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I currently have an issue in Silverlight where I want to detect the change in size for an element, and react to it. However, listening with .SizeChanged is actually not sufficient, as often I get a flash of the element at the size it's changing to, before the functionality in the .SizeChanged is called. So I have perhaps a two-fold question.

My intention is to use the Measure pass to calculate the manipulations I want to apply before the size is visually changed, so that I can eliminate this flickering effect. As far as I'm aware, the only way to do this successfully is to create a UIElement that does these calculations on the Measure pass, before Measuring the rest of these elements.

As such, I was hoping to create a really light UIElement by extending off FrameworkElement. However, I can't get the stupid thing to display anything. I'm under the impression that at the FrameworkElement level, a subclass would require adding the content to the VisualTree and I can't seem to work out how to do that.

I was hoping to avoid extending off UserControl, or Panel, as they are far heavier than what I need, with so much extra functionality I dont want. I merely want to catch the Measure pass and perform some work there.

So, is it possible to extended off FrameworkElement in Silverlight 4.0 and actually render something? If not, is it possible to listen for/interrupt the measure pass another way?

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1 Answer 1

You cannot manually add content to the visual tree - this functionality is only exposed to built-in Silverlight controls.

In such a situation, you should derive from Control and specify a default template for this control to use - in the default template, specify the desired contents of the visual tree.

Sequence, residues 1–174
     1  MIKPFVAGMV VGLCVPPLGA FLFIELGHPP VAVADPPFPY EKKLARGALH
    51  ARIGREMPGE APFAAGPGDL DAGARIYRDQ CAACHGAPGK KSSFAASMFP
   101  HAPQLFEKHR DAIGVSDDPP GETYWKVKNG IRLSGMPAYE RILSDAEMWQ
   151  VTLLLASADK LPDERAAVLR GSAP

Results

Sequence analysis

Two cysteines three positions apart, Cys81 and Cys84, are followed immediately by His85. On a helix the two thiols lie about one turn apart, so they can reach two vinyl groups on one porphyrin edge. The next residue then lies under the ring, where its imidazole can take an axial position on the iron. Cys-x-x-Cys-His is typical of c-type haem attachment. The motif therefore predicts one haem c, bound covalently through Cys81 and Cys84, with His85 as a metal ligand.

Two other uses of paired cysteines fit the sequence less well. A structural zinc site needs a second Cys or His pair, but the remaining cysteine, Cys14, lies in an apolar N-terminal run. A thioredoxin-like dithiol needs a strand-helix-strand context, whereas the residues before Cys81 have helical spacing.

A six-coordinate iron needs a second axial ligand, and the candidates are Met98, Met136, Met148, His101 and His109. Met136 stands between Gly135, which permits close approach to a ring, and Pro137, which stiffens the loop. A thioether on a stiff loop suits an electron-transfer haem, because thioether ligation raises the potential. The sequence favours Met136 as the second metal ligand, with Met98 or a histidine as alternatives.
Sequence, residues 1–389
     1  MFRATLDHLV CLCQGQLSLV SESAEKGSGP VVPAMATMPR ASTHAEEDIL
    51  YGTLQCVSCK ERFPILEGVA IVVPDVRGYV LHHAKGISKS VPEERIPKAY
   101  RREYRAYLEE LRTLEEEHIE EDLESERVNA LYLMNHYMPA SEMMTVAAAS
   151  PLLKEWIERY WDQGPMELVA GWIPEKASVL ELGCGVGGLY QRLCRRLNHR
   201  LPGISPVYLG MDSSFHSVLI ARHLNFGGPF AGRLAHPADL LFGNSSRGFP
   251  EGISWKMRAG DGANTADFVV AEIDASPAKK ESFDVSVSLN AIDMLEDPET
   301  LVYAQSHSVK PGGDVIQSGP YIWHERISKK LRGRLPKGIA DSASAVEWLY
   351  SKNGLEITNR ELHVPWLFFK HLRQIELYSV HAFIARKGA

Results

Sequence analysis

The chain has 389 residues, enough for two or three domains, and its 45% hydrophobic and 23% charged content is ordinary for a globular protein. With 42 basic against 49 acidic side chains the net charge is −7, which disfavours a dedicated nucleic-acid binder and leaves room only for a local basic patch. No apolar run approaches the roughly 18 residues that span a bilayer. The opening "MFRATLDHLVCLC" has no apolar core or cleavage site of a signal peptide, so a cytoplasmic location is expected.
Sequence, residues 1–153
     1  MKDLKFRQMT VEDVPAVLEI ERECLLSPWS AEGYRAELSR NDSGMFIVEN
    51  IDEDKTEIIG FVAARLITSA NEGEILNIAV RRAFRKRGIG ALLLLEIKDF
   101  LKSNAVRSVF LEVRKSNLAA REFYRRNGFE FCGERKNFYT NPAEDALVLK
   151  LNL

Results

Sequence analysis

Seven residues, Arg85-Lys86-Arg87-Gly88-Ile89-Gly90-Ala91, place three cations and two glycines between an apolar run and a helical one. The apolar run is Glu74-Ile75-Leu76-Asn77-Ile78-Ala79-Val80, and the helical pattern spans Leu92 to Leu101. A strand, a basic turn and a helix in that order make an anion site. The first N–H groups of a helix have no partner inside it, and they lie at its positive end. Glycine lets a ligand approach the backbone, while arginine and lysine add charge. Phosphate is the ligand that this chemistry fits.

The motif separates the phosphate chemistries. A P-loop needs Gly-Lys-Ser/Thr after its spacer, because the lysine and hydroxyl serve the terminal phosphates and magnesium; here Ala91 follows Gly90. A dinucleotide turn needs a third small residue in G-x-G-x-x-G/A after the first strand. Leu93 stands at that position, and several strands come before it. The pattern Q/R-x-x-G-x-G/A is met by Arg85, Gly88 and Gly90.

To allow a default template to be used, you should specify DefaultStyleKey in your contructor and give it the value of your control type. E.g. DefaultStyleKey = GetType().

Then, you can specify a style such as this, in e.g. Themes/Generic.xaml

<Style TargetType="my:MyControl">
    <Setter Property="Template">
        <Setter.Value>
            <ControlTemplate TargetType="my:MyControl">
                <Rectangle Width="100" Height="100" Fill="Red" />
            </ControlTemplate>
        </Setter.Value>
    </Setter>
</Style>

Or if your control is a content-presenting control, just derive from ContentControl and it takes care of all the plumbing - you just need to set Content to whatever you wish to display and your subclass will only need to perform the measure-pass override logic.

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Apologies, I don't know why I had ContentControl and Border as the two classes to extend off in the description. As I said, I'm merely trying to get in on the Measure pass early, such that I can do the calculations before the visual change. While I appreciate your answer as another option to consider, it seems to again be a far heavier solution than what I need. Perhaps I'm treating memory/processing power as far more precious than it is, but I'm still hoping for a lighter solution. –  Melodatron May 23 '11 at 11:18

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